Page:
It’s 9am in Los Angeles when John Legend picks up the phone, but he sounds fresh as a daisy. Softly spoken, polite and direct – it’s impossible not to be drawn in by Legend’s charm. Despite his eye-wateringly impressive CV, Legend speaks with a calm, understated certainty; he is quick to laugh, but unembarrassed to correct me (albeit gently) when I get things wrong. When at one point during our conversation I accidentally refer to him as Jane Legend, he is quick to step in and rescue me from embarrassment: “My female alter-ego!” he exclaims. Legend has always been a high achiever. By age three he was a piano prodigy; a star in the making whose feet could barely reach the pedals. Fast forward to 2018, and Legend made history by becoming the first African-American man and second-youngest person to ever win an EGOT. Only fifteen people have ever been awarded an Emmy, a Grammy, and Oscar and a Tony – it’s usually the stuff of sitcom legend, a fantastical impossibility (think Tracy Morgan’s hilarious quest for an EGOT in 30 Rock).
The “All Of Me” singer talks about his resemblance to Arthur, his tribute to Nipsey Hussle and being married to Chrissy Teigen.
There is no doubt Legend has earned his lofty name, but early on in his career the star was reluctant to adopt this alias. “You know, I had no plans to take on a stage name,” he tells me. Legend had already been performing under his real name John Stephens for some time before the poet J. Ivy came up with the nickname. “I think because I reminded [J. Ivy] of the soul artists that we grew up listening to,” he explains. Soon enough Kanye West, one of the musician’s earliest collaborators, started to introduce him to people as John Legend. The nickname stuck, but it posed a challenge for the young artist: “I was reluctant because I’m kind of a little more humble by nature and didn’t want to put so much pressure on myself and my career with that name. But the other side of me was like, ‘you know what? Let’s make a statement.’” I ask the musician where he draws the line between John Legend and John Stephens. He pauses for a moment. “I don’t really think there’s that big of a difference between who I am most days and who I am at home,” he says, “It doesn’t feel like I’m transforming into a new person. It still [feels] very much like an extension of who I am as a person.” For Legend, music is a way of reconnecting with his roots and the music he listened to as a child, a way of channelling the legends that came before him. Growing up in a deeply musical family, Legend became musical director of his Pentecostal church while still at school, an experience that he considers integral to his music, even today.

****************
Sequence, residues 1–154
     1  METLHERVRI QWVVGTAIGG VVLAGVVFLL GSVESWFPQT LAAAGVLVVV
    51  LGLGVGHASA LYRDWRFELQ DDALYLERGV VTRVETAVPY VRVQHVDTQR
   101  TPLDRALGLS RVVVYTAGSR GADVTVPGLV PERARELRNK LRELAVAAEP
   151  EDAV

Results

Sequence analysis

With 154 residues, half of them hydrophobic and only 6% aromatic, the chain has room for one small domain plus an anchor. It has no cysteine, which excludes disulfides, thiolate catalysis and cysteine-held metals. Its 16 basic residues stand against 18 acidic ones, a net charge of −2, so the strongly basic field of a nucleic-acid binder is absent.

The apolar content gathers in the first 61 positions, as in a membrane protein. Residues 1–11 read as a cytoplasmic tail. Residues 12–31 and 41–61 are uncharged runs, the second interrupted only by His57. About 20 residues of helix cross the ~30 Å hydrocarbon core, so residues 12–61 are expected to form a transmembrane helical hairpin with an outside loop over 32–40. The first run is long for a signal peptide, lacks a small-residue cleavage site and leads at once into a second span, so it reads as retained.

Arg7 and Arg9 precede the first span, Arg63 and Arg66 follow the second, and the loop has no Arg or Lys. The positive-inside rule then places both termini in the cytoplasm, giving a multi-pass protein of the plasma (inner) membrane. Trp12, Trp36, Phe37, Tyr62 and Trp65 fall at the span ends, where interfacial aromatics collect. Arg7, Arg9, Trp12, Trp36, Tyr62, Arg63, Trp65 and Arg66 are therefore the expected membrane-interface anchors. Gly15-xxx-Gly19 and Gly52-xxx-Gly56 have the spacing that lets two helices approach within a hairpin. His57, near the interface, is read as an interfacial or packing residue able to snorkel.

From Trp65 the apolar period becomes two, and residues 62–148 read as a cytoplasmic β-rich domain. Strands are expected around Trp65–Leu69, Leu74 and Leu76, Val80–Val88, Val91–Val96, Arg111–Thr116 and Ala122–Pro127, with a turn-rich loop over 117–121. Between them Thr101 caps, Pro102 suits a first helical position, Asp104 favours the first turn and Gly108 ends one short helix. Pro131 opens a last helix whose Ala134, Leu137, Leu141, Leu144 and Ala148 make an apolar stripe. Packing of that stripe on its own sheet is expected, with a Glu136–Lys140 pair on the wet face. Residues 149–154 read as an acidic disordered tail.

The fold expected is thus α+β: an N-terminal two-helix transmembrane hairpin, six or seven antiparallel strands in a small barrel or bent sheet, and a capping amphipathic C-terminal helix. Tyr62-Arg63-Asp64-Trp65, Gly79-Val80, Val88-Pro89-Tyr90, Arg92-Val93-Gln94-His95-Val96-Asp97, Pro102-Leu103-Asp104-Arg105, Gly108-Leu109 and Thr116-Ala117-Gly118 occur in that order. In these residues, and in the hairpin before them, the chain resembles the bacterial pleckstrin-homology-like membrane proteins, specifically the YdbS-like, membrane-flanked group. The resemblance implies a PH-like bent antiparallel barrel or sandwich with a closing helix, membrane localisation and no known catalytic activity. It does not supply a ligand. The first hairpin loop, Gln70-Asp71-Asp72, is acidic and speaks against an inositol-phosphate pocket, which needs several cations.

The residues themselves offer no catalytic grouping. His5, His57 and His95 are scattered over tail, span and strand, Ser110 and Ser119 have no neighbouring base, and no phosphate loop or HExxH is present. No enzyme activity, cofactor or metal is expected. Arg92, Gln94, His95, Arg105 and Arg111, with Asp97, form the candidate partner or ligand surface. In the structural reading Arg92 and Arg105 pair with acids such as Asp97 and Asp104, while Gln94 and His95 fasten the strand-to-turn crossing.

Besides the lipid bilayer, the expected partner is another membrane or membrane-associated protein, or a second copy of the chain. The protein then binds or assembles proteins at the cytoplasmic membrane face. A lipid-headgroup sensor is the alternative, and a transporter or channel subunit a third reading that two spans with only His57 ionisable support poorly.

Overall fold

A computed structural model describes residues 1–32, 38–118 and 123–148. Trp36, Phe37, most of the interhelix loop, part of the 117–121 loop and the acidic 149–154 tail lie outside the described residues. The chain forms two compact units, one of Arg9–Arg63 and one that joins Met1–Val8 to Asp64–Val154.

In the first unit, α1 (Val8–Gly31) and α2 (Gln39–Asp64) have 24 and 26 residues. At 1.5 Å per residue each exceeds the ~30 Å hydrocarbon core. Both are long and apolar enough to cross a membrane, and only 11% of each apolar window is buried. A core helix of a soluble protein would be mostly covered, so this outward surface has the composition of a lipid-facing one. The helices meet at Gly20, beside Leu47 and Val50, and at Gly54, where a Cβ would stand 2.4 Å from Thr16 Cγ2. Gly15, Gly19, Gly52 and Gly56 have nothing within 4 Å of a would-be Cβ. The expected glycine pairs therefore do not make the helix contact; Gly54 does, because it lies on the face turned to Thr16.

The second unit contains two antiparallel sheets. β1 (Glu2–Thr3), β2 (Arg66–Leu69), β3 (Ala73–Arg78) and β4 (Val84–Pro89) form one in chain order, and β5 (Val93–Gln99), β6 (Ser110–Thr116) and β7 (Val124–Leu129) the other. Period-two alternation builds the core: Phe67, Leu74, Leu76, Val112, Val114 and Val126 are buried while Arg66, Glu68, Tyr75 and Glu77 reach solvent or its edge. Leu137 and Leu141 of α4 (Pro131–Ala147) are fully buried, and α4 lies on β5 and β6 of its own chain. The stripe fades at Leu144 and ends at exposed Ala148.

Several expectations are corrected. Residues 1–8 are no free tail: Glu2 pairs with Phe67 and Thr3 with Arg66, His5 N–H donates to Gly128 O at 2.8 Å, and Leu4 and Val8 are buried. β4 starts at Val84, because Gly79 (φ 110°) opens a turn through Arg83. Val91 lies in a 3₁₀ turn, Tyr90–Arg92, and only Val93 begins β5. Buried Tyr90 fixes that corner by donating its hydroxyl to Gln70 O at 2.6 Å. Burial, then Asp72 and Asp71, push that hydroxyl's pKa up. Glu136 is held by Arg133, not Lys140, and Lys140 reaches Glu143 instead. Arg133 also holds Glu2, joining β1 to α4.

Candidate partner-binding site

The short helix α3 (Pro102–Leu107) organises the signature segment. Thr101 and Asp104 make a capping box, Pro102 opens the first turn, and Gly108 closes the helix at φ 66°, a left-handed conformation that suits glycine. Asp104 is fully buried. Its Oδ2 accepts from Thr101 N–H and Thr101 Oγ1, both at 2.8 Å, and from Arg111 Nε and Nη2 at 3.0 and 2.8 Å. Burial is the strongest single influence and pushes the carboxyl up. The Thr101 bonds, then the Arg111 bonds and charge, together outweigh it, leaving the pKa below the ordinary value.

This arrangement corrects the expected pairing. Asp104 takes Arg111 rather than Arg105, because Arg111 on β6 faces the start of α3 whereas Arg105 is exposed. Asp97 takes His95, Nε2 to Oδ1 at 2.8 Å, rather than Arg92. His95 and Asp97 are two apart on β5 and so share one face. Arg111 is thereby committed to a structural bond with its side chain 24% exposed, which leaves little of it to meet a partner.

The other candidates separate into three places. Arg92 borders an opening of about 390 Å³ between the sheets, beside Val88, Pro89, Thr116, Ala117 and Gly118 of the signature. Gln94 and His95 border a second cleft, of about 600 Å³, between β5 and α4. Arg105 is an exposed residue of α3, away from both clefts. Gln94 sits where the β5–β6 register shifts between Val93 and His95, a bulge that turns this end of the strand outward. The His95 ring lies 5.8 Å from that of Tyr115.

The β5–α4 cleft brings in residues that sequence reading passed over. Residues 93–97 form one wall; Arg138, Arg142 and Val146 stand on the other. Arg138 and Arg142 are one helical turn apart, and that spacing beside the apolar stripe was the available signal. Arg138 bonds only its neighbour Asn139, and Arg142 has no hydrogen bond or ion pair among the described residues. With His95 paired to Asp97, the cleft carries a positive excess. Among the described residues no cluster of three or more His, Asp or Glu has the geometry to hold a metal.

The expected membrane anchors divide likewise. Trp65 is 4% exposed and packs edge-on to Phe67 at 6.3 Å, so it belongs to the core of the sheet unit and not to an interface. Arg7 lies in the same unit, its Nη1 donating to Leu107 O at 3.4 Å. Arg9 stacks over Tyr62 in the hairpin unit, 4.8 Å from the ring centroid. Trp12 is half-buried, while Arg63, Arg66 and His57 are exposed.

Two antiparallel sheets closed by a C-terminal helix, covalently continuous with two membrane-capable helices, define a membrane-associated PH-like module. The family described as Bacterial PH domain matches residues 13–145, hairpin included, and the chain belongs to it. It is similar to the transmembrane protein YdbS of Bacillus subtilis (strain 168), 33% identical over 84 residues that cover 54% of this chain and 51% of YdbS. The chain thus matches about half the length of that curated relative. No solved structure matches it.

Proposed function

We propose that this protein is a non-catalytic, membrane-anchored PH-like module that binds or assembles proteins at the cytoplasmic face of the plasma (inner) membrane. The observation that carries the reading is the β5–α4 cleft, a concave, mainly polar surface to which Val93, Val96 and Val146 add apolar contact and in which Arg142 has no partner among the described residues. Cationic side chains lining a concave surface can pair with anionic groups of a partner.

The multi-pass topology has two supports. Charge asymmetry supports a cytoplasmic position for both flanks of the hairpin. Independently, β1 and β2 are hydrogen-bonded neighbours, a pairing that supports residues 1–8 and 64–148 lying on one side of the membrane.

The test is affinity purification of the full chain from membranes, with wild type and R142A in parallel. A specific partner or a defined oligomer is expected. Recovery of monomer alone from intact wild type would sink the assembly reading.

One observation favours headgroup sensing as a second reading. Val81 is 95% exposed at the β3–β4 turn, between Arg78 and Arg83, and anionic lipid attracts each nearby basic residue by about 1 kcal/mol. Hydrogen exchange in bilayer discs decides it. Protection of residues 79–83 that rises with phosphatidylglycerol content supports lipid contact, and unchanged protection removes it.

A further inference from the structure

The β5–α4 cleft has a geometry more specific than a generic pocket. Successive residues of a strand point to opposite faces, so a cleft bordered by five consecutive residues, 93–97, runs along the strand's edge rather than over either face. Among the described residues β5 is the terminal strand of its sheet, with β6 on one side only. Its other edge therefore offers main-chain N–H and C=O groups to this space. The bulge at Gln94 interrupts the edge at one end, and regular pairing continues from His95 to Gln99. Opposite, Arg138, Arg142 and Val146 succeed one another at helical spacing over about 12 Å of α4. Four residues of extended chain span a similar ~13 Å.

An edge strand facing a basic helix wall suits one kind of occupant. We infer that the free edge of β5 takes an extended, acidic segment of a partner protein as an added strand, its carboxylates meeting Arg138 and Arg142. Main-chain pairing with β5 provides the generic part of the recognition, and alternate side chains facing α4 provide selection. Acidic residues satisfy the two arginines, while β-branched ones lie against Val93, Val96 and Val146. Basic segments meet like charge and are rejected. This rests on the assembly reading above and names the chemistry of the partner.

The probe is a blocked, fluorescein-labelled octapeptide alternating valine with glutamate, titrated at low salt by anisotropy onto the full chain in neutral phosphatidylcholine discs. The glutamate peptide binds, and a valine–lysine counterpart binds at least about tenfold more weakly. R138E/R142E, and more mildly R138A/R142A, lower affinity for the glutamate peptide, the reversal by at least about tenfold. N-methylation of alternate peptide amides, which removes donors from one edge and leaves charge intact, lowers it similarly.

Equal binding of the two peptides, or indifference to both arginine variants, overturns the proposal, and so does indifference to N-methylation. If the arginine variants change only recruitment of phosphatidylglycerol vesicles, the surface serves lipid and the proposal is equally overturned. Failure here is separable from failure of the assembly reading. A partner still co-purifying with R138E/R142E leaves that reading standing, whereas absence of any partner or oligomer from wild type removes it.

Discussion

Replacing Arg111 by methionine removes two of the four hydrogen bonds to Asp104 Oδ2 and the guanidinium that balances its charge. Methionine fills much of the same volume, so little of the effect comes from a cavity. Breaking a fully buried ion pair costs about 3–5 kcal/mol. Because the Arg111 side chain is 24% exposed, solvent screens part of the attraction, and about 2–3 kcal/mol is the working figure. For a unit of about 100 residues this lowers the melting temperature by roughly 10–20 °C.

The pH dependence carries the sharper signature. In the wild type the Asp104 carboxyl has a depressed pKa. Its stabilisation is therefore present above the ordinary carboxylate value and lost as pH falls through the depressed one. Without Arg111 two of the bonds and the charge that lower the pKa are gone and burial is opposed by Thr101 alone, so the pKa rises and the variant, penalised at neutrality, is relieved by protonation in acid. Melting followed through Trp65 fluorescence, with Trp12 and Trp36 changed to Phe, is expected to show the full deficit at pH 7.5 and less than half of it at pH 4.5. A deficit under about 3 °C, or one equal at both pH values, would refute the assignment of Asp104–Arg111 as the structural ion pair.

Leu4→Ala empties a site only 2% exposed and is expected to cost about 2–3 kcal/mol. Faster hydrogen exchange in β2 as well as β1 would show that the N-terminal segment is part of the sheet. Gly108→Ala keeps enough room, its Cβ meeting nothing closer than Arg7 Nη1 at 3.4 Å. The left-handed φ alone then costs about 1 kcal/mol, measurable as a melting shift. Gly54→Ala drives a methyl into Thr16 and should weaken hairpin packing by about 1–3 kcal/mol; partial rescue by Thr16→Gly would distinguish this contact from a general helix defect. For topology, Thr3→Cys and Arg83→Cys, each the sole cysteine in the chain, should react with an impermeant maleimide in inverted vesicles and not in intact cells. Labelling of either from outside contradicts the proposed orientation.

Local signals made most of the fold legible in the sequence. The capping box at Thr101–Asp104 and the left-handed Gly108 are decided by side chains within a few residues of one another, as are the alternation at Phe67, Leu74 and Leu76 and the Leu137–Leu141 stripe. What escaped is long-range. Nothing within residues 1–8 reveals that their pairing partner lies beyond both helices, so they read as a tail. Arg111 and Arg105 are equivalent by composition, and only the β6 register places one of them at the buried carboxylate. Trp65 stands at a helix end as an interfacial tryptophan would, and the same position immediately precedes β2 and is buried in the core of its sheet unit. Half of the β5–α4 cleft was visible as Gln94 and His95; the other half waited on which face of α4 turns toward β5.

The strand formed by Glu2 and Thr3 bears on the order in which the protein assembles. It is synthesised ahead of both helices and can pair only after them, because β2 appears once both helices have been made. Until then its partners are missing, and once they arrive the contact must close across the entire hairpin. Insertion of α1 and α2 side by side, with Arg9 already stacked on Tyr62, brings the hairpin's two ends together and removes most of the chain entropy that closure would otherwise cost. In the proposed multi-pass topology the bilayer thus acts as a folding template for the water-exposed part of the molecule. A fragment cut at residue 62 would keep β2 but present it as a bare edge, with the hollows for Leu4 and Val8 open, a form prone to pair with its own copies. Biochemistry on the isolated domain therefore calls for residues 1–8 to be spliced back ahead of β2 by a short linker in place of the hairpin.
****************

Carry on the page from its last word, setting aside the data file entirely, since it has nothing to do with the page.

“A lot of the time I’m not even trying to consciously incorporate gospel; it’s just a part of who I am,” he tells me. This gospel sensibility was an important touchstone for Legend when he joined forces with DJ Khaled and the late Nipsey Hussle for the 2019 single, “Higher”. “I feel like I’m almost purely a gospel pianist more than anything else,” he says. Legend owes much of his piano style to his grandmother, whose own style he likens to that of Aretha Franklin. Legend’s piano playing in “Higher” and its accompanying video undoubtedly evokes the same jubilant and deeply charismatic musical spirit as his two greatest musical influences. “Higher” went on to win the Grammy for Best Rap/Sung Performance and in his speech, Legend paid an emotional tribute to Hussle, who was shot and killed in March 2019. Legend called for the audience to “lift up” Hussle’s name and it’s clear that the artist is a firm believer in the transcendent, immortalising power of music. “I think the only solace we have is that their music is truly eternal,” Legend explains, “Musicians are fortunate enough to create work that outlives us every time and I think that’s a beautiful part of what we do.” Legend has two children with his wife, Chrissy Teigen, whom he met on the set of a music video in 2006. I’m curious about how his family life fits in with an international music career, and keen to know how Legend balances family life with touring. Legend first went on tour with Kanye West after the release of West’s iconic 2004 album College Dropout. Now, in 2020, the artist is gearing up for his Bigger Love Tour. “I’ve toured through the different phases of my life,” Legend tells me, “[from] being a bachelor in my mid-twenties, to being a forty-year old husband with two young kids.”